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Meditation Tips to Ease Anxiety

by Anthony Gramuglia 5 years ago in advice / body / how to / mental health / meditation
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You need time for yourself. When stress takes over your life, never forget that there are simple and effective things you can do to break free—to meditate.

Photo by Ashley Batz

Anxiety can sometimes seem like some grotesque, irresistible monster that demands of us our life, health, peace of mind, and time. Time most of all. It so often robs us of time and life. Time to breathe. Time to settle. Time to expand our wings and soar to the heavens.

It is thanks to anxiety that, so often, we as people falter and lose hope. We descend into our miserable little bubbles, and there is no escape. We need to set aside time for ourselves. Don't let stress compromise your health and well-being. You need to cut through. You need time for yourself. When stress takes over your life, never forget that there are simple and effective things you can do to break free—to meditate.

Yoga studios often have those CDs playing where they play that calming, almost mystical, sounding music. It sounds otherworldly. A soundscape of sorts. Listening to it can take you away from your world, and carry you off to some unknown vista of ease and comfort.

Music is a sensory experience. By letting it overtake you, you are in turn removed from the noise of your normal world. The normal beeps and cars beyond become mere distant grumbles as a new world of sound envelops you.

Let the music be your shell. Let it curl about you, and cloisture you in a new world. Anything that can remove the negativity in your stressful life will help you dive into your meditation.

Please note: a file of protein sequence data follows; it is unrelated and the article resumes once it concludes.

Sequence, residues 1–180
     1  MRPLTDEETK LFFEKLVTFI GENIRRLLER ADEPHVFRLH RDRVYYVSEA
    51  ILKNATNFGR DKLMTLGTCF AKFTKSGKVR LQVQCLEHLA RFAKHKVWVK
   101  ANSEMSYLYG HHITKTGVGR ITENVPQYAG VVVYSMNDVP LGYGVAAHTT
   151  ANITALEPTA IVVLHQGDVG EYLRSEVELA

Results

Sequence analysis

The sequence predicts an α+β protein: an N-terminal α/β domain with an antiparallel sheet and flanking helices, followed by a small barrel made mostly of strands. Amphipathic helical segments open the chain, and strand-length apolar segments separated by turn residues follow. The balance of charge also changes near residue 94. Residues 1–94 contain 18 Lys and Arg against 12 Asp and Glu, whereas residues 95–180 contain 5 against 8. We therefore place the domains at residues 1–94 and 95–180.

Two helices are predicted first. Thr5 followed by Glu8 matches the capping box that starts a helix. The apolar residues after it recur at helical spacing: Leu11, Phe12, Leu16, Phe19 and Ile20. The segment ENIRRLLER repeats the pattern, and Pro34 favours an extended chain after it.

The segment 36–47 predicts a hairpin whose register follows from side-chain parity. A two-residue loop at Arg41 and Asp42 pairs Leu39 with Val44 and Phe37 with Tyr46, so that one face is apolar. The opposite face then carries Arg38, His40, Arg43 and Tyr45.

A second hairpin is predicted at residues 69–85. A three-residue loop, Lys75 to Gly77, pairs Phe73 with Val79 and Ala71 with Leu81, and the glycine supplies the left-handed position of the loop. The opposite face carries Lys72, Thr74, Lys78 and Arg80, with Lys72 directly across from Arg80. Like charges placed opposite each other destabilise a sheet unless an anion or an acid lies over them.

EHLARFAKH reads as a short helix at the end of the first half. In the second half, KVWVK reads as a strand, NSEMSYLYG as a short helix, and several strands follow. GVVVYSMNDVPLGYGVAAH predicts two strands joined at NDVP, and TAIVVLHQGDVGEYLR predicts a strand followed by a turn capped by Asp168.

You spend enough time in that stressful, anxious world. Now it is time for you to go inward. This is your time.

Leave the House

Alternatively, go outside.

If you are feeling stress in your personal space, get away from it all. Take a ride to the park. Take a ride to your favorite bookstore. Go anywhere. Go to a coffee place, and let the smell of freshly ground coffee beans fill your nostrils.

Your home carries all your discharged stress and anxiety. Stress can corrode the air around you. Breathing in exhaust is not good for your body, and, likewise, lingering in a stressful environment can smother you.

It's good to get away so you can clear fresh air, clean air, stress-free air. The great thing about meditaiton is that it can be done anywhere. A park bench under a brilliant oak tree. A iced-over lake. A toasty coffee shop. A bustling mall.

It is so important to change your scenery, so never forget that you can escape the shackling confines of your anxiety. Your stress will not hold your spirit down. You have the ability to rise above it.

So get out. Go somewhere new. And breathe fresh air.

Don't Force Your Mind Clear

Photo by Eli DeFaria

Stop breathing. Right now. Just try to stop the involuntary processes of your body. Feel that burning in your chest? Up your throat? You can almost feel pulsating pain course up your skull, leaving you tense and on edge.

Let go. Just ease your breathing. Let your body reach an equilibrium that leaves you feeling fine and at ease.

Isn't that much better?

Do you even notice your breathing once you've stopped paying it mind?

When meditating, thoughts will cross your mind. That's fine. Thoughts are involuntary charges—a part of your being. They come and they go. They flutter on the breeze like seagulls searching for scraps of bagels on the tide.